This is the easiest option, but, of course, your content is available to everyone. In some cases that may be totally fine. Public companies are already an open book in many ways. Private companies may be fine with sharing learning resources or broad-company updates.
But, there are good reasons to avoid sharing small team updates with real detail on the work you're doing, or repurposing team meetings in this way. If so, look to the next section for the private options.
To go ahead and create a public podcast for your remote team, here are two of the best options, right now.
One is Captivate. Captivate are a hosting company that let you run as many shows as you like under a $19 / month account. That means you can have one CEO update feed, a few small team ones, a staff on-boarding podcast and more. It's flexible enough to fit any plans you have.
The other is Buzzsprout. I consider Buzzsprout the lowest cost good option, and it's great if you're only going to run one show. So, you can't have multiple shows for different purposes, but it's only $12 per podcast and the setup is as simple as it comes.
- Multiple Podcasts? Click here to sign up for Captivate
- Single Podcast? Click here to sign up for Buzzsprout
- Or, See all the Best Podcast Hosting options here
Private Podcasting via WordPress & Castos
Create a private podcast feed on your website using WordPress, Castos & Seriously Simple Podcasting. The feed is secured by one main password, so you can't manage individual access.
If you use WordPress to run your website, then here's an easy option for you: use the Seriously Simple Podcasting plugin.
This plugin allows you to run a podcast from your website, and it's ‘password protect' feature allows you to put the entire series behind a locked door.
This is a simple option. There's just one password for your entire team. But, you could argue it's a little less secure, since that password could get out. I suppose that's a risk, though, even if every user has their own password.
The communal password means it's hard to remove access for people who leave the team. That's easily fixed by regularly changing the password, but there are headaches, there, around keeping people updated. It's up to you to decide if this approach offers enough protection for you.
If you do go ahead with it, then the plugin is run by Castos who are a podcast hosting company. If you sign up with them, then you can quickly publish episodes directly from your WordPress site.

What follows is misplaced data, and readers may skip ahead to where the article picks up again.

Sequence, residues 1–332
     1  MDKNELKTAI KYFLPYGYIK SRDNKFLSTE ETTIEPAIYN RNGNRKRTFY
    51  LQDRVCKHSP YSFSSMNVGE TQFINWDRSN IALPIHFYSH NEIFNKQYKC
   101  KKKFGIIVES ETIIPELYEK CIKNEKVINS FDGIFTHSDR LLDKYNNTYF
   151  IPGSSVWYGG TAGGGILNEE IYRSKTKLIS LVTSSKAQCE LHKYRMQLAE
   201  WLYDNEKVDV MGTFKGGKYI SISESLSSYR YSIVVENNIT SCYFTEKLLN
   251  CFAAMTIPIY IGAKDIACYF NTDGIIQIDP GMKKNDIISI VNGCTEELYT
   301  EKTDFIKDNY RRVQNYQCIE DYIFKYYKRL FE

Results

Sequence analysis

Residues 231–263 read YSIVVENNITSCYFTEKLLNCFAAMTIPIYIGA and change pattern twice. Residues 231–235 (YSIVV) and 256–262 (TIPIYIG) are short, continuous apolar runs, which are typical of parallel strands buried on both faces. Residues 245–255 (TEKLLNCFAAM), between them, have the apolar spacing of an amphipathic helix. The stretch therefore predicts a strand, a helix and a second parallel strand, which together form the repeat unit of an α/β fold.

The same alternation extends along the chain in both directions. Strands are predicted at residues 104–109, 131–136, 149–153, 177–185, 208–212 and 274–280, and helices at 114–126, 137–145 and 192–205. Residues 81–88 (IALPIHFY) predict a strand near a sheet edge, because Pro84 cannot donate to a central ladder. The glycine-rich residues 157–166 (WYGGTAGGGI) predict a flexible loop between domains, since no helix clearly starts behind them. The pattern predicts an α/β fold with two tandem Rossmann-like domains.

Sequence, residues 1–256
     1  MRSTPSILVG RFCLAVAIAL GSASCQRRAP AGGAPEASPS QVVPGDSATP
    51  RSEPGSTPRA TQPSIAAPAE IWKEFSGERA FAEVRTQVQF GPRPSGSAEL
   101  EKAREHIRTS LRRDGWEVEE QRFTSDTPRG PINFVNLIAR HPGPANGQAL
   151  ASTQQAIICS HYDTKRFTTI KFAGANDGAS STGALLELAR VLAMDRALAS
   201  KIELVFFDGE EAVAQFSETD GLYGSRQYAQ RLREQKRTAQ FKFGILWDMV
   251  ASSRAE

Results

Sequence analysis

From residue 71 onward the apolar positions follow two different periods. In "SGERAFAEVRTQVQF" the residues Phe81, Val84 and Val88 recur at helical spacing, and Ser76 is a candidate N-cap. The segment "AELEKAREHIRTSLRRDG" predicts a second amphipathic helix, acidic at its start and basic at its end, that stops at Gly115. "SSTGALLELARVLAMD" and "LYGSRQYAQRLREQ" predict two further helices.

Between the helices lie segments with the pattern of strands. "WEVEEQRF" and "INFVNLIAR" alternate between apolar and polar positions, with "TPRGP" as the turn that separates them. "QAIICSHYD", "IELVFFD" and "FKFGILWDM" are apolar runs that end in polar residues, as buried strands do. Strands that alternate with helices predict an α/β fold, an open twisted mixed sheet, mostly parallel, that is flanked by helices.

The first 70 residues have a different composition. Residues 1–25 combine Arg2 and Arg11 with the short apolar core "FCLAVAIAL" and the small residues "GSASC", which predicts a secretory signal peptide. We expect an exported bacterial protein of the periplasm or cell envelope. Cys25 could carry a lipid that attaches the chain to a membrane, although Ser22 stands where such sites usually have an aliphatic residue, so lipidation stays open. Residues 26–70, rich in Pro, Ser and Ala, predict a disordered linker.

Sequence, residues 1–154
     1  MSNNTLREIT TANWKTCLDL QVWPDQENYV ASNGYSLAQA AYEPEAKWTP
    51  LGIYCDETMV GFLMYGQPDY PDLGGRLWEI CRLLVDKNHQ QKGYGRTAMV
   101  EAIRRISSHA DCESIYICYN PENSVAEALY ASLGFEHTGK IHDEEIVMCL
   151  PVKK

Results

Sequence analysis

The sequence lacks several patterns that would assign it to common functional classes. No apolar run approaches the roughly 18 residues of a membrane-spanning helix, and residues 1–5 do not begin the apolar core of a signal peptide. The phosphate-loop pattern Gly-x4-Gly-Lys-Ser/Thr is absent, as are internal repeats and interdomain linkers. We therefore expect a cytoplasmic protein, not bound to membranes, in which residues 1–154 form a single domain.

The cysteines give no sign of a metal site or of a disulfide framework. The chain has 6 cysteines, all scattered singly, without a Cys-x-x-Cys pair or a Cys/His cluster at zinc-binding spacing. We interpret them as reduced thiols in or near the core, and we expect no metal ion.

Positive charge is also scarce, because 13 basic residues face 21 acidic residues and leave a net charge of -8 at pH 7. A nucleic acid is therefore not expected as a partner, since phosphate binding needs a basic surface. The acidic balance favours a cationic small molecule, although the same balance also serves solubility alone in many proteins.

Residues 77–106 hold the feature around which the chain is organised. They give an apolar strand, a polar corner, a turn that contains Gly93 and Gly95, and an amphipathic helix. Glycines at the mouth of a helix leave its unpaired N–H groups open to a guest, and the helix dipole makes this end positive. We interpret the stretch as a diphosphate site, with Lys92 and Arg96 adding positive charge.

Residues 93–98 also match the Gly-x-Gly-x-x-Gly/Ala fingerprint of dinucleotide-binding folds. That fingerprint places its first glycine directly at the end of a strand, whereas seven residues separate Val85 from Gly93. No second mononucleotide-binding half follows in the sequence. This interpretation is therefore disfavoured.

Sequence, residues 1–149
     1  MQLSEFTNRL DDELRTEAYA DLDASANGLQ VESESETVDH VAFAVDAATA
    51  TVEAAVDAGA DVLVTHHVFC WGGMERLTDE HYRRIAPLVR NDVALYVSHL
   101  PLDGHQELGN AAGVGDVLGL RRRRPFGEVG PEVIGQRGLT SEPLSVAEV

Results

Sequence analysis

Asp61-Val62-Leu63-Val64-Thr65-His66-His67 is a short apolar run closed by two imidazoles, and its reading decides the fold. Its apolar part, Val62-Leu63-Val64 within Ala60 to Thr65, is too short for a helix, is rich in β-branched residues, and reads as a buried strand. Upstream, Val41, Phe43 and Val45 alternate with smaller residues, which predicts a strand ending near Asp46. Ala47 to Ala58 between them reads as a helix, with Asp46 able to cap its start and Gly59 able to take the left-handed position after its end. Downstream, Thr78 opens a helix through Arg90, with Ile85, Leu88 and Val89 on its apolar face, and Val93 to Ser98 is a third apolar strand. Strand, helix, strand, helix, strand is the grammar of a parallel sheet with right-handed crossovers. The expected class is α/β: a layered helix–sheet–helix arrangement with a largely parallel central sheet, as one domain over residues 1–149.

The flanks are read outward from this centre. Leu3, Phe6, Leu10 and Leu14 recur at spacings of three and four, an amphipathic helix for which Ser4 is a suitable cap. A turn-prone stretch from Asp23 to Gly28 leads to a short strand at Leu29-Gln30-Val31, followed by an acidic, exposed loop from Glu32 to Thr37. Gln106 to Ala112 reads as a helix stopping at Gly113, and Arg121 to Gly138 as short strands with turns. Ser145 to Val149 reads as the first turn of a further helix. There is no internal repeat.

Managed Private Podcasting via Transistor.fm
Easily manage every login using Transistor.fm's private podcasting feature for the most secure option. Run one to three different podcasts on their standard plans, or more on enterprise.
For a more sophisticated approach, look to Transistor.fm. This podcast hosting company offers a ‘private podcasting' feature on it's Professional Plan ($49 / month) and above.
The setup is really easy: simply create a new podcast within your Transistor account and designate it a private feed. Then, paste a list of all your staff's emails into their ‘distribution' tool. Once confirmed, Transistor will send an invite to every one, including their access credentials.
The advantage of this is that you can remove staff who leave the company, or for any other reason, and users can manage their own logins.
On the downside, you can only have one private podcast per account on the Pro plan, and three private podcasts on the Business account. That means you're limited in how many private podcasts you can create across your teams. But, they do have enterprise plans if you're looking for more capacity.
- Click here to sign up to Transistor
Enterprise Private Podcasting with Podbean
For larger companies and teams, Podbean's Business plan is the solution that offers great stats, flexible access management and enterprise level security. It's not possible to subscribe to private Podbean shows in a standard listening app, but Podbean provide various app options to make listening simple, and keep security rock solid.
Podbean are one of the old-guard of the podcasting world, but don't associate that with aged and slow moving. Podbean have consistently shipped new features, tools and resources for podcasters, on a regular basis, and their private podcasting offering is one of the most fully featured on the market.
Podbean are aimed squarely at the enterprise market here, although the entry level product is certainly affordable for smaller companies. On their business plan, you can set up unlimited private ‘channels' (read: podcast feeds) and serve up to 100 users, all for $99 per month. As you grow, it's $1 extra per user, per month.
To this, their enterprise plan adds all of the top-level security larger corporates require, as well as single sign on (SSO). That means you can tie user logins right into your own network. That makes managing users a cinch, since it automatically syncs with the credentials your staff use for your other company systems.